Sipping is fine, but some beers just don’t seem to come through when tasted that way, so now we take a proper gulp when we’re tasting.
Our beer tasting ritual has evolved.
It used to be a fairly simple affair, as laid out by Michael Jackson in his 500 beers:
put on lucky underpants
turn twice around an oak tree in the midday sun
rub chin in contemplation.
Now we’ve added “take a proper big gulp” to the itinerary.
Sipping is fine, but some beers just don’t seem to come through when tasted that way. It’s like there’s a hole in the flavour. But take a really big gulp and suddenly, you’ve got nectar.
Unfortunately, it’s not always weak session bitters which benefit from this approach. Strong so-called sipping beers are often no such thing. Seven per cent Westmalle Dubbel tastes better when swigged, for example.
It seems that Paul’s Wines — an ancient and tatty off-license on Orford Road in Walthamstow, East London — has upped its game on the beer front. It’s been decent for a while (lots of bottled ale, the occasional sighting of Brooklyn Lager) but now it’s probably one of the best specialist beer shops in London. The manager says it’s a permanent arrangement as long as they can keep hold of the supplier.
Don’t get over-excited: there isn’t that much competition when it comes to beer shops in London, and it’s no Utobeer. But it’s better than the Army and Navy beer section these days, and really, really convenient for us!
In stock now, on top of the usual suspects from Young’s, Shepherd Neame, Badger and Fuller’s (partial list):
Goose Island Honkers Ale
Flying Dog Hefe Weizen
Brooklyn Brown Ale; East India Ale; and Lager
some ales from breweries I didn’t recognise
some weird looking beers from Russia, Mongolia, Corsica…
And the full range of Sam Smith’s.
I got a 10 per cent discount for buying (ahem) a few bottles.
There’s no more illuminating way to taste beers than to try three or four supposedly similar specimens together. When we found ourselves in possession of two notoriously blasphemous Belgian beers (Satan Gold and Judas) we thought it would be fun to drink them along with their evident inspiration, Duvel. The experience gave us a new appreciation for this old favourite.
Satan and Judas look, too all intents and purposes, identical in the glass. They have the same rich golden colour; the same loose, bubbly head.
Satan first. What a let down after the fun and tacky packaging. It smells of pear-drops, nail polish and alcohol. There are some tart apple flavours which might work if they were balanced with bitterness. Sadly, this beer is hardly bitter at all. The stingy hand with the hops is countered by an overgenerous helping of sugar. All in all, a bit like drinking syrup.
Judas is somewhat better, though similar. Sugary: check. Fruitily acidic: check. It tastes, in fact, like stewed rhubarb, which isn’t necessarily a bad thing. All in all, not a beer we’ll be hunting down, but definitely drinkable. Unlike Satan, this one didn’t end up down the sink.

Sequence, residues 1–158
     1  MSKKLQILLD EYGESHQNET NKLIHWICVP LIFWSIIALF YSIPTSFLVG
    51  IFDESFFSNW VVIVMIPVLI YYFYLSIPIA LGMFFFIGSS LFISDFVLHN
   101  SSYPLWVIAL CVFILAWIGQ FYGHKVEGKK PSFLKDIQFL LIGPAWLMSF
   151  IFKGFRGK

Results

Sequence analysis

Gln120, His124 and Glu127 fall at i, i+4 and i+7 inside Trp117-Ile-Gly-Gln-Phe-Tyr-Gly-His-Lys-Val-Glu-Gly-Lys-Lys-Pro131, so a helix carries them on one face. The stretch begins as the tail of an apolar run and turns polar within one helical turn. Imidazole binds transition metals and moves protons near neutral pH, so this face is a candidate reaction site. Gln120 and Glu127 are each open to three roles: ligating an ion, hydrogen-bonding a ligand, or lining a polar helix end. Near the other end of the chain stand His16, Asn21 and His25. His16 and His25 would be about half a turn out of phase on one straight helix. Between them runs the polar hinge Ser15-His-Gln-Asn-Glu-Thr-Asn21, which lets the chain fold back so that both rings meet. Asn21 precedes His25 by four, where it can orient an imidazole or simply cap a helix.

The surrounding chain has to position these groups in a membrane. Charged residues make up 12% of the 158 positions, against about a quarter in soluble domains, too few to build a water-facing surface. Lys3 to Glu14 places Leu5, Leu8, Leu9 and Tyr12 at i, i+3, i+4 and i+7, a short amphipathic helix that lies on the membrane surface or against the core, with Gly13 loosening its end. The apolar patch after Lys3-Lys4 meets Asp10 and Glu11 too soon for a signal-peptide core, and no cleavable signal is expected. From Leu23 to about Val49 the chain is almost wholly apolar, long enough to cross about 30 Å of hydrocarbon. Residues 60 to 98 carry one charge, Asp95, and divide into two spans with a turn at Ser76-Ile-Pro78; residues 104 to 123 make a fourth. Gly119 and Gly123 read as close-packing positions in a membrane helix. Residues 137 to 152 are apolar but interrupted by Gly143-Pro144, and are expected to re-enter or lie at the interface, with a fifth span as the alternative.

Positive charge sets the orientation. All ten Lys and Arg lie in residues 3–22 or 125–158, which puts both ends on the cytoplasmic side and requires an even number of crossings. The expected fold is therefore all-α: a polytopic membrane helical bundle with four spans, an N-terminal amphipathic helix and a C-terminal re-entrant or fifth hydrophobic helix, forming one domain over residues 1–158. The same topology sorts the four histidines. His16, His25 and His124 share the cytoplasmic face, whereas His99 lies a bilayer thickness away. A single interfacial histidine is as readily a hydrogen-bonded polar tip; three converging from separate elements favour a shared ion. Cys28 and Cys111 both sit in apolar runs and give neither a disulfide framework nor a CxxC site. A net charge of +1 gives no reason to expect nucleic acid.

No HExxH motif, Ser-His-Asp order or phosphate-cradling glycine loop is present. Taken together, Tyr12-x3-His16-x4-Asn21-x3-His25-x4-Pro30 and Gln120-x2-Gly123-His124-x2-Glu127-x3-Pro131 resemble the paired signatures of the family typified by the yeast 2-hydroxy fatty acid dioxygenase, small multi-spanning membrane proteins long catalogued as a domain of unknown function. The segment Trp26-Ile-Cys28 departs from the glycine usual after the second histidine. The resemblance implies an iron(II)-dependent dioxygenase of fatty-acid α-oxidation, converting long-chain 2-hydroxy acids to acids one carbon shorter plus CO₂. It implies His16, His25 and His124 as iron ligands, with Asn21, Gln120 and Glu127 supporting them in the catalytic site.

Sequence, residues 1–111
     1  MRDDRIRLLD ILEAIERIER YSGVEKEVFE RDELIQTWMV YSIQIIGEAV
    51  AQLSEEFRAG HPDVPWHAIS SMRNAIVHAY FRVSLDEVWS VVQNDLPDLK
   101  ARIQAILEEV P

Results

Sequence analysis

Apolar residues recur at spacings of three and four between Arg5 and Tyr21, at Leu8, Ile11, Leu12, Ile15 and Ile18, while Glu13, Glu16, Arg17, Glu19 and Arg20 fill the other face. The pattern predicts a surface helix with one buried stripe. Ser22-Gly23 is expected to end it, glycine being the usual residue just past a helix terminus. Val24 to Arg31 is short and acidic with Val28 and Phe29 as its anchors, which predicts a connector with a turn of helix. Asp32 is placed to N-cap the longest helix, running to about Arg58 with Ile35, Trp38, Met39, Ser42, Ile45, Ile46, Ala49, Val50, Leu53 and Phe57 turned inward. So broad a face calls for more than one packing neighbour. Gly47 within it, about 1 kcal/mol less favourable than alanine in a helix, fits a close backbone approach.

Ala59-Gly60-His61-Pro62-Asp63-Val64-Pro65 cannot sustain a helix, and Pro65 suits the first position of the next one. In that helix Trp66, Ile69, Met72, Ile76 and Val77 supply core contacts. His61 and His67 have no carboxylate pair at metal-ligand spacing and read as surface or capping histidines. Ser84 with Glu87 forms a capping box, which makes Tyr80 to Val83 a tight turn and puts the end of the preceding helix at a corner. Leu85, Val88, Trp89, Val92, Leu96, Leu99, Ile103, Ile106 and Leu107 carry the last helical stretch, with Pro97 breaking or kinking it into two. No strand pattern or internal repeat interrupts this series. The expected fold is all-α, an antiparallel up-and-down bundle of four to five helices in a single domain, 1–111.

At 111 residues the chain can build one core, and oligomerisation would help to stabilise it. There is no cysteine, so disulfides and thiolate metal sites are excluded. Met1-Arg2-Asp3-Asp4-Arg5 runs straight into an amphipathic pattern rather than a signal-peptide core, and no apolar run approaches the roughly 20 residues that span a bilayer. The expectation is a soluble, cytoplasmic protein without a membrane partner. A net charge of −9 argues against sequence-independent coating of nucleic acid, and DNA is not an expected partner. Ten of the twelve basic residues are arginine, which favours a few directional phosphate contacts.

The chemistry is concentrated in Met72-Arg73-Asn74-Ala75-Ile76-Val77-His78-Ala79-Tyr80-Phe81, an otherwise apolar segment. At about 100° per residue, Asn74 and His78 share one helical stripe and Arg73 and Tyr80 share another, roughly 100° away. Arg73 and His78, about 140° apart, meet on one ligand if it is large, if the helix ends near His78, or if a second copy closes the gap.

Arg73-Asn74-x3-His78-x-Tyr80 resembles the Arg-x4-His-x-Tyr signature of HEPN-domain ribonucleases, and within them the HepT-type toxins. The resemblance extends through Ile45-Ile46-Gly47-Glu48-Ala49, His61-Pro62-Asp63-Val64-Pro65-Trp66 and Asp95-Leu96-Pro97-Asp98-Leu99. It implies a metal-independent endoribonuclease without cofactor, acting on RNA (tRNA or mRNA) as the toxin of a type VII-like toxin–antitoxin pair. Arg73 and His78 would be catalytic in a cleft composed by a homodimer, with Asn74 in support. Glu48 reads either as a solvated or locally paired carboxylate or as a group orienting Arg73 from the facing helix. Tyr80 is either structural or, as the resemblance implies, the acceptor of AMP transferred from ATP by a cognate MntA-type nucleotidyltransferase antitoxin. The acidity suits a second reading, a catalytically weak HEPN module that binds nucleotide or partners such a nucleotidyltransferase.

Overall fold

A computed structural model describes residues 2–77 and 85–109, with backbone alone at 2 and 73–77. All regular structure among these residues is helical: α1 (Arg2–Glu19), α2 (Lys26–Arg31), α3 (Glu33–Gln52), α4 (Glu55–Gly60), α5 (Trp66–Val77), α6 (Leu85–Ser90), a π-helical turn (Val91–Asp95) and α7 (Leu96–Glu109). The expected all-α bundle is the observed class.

And then onto Duvel, which suddenly looks and tastes like what it is — a very sophisticated, well-engineered beer. It’s lighter coloured and lighter bodied than either of its two imitators. The bitterness is refreshing and pronounced. Veritable hops indeed. Whereas Satan and Judas lost their heads almost immediately, Duvel has iceberg-like clots of foam all the way down to the last mouthful.
We have our winner. Just because it’s ubiquitous doesn’t mean Duvel isn’t brilliant.
The Red Tile at Cossington, for example, is a perfect cosy country pub. On Boxing Day, it was busy with diners (there’s an unpretentious pub menu) but I managed to find a corner in which to enjoy a pint of Butcombe Brunel IPA. I’m a fan of Butcombe’s beers but I’m happy to admit that regional chauvinism makes it hard for me to be objective. Butcombe ‘ordinary’ is brown, very bitter and slightly sulphurous. The IPA is quite different — less bitter, if anything, but with a warmer orange colour and pronounced flowery hop aroma. A good example of the English session IPA.
Also worth a look is the Burtle Inn. This pub is even cosier: dark, but not gloomy, with light from wonky 18th century windows and several fierce wood fires. Although the staff looked exhausted and the pub’s supplies were depleted (“We’ve only got parsnip crisps left”) the real ales were in good nick and were also available hot and spiced! In London these days, we take it for granted that a pub will have Czech lager, wheat beer and Leffe on tap, but it’s less common in the depths of the West Country.
Finally, there was Crown at Catcott, which my Dad called “old Fred Vernon’s place” after a landlord he remembered from his youth. It’s up a winding track on a particularly windy spot on the Somerset levels, so its burning fires and low ceilings were very welcome. There was a selection of West Country ales on offer from larger brewers like Sharp’s and Butcombe. The Butcombe ordinary was, well, extraordinary — perfectly fresh and in such good condition that the head didn’t move even in the stiff breeze whistling under the old wooden door.
In short, if you’re in Somerset, ditch the towns, get yourself a designated driver and go on a crawl across the levels. It’s likely to be a lot more fun than Bridgwater, Taunton or Yeovil.